PE firms seeking to attract a broader range of bidders to portfolio company sales should assess the changing needs of infra-investors.

By Tom D. Evans, John Guccione, Brendan Moylan, David J. Walker, George Venables, and Catherine Campbell

As the boundaries of what constitutes “infrastructure” assets have blurred in recent years, PE firms are more frequently encountering specialist infrastructure investors in transactions beyond asset classes traditionally viewed as “core” infrastructure, such as utilities and roads. This growing trend is evident in Antin Infrastructure’s successful sale of medical diagnostics business Amedes Group to buyers including OMERS Infrastructure and a consortium of investors, as well as Arcus Infrastructure Partners’ acquisition of crates and pallets business HB Returnable Transport Solutions. With certain infra-investors now branding themselves as “private equity infrastructure” and multiple PE houses seeking or raising infrastructure funds, these crossover deals are likely to attract attention from both PE firms and infrastructure investors for some time.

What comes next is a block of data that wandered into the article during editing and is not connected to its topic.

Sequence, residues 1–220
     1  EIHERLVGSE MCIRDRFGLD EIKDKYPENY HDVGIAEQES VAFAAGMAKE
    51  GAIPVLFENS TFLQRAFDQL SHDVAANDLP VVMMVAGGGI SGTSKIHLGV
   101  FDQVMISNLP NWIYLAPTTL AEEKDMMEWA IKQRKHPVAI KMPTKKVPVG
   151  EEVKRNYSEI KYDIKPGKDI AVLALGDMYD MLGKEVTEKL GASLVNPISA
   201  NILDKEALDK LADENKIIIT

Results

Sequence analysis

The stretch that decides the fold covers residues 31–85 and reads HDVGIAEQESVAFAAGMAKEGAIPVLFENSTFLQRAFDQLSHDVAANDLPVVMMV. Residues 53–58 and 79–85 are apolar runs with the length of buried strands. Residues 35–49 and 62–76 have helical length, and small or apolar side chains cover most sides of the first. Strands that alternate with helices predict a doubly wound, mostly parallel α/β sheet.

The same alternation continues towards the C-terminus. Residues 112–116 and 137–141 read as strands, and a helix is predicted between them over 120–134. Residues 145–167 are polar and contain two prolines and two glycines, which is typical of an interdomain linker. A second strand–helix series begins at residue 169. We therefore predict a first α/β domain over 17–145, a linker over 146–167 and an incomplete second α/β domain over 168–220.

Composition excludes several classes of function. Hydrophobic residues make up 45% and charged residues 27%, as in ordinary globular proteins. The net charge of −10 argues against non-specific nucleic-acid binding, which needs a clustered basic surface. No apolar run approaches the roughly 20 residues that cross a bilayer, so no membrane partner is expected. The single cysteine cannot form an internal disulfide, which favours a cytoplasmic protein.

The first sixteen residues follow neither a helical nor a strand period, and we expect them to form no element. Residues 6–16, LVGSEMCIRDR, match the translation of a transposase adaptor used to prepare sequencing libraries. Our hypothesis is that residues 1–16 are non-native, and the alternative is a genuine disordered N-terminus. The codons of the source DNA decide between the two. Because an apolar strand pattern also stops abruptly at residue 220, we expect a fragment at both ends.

By Utku Kirklar

One of the main functions of the World Bank, a financial institution mandated with fostering the reconstruction and development of sovereign nations after the Second World War, is to extend loans to the governments (and government-owned entities) of such sovereign nations. Acting through the International Bank for Reconstruction and Development (IBRD) and the International Development Association (IDA), the World Bank plays a critical role often operating as a lender of last resort for developing countries in need of financing for important infrastructure projects. In doing so, the World Bank does not require any security from its borrowers and instead relies on the credit of the sovereign as a matter of policy. This act of good faith, however, needs to be balanced by the need of the World Bank to protect the World Bank’s interests, in particular, the priority of its debt claims in respect of the claims of other third party creditors.

According to the UN, Africa’s growth has consistently outperformed the global growth rate for the past seven years. In just eight years’ time, it is projected that the continent will boast eight of the fastest growing economies in the world.

In order to sustain this aggressive trajectory, and close the gap with the rest of the world, the World Bank estimates that the continent will require $93 billion of commercial and social infrastructural development. In the past, natural resources projects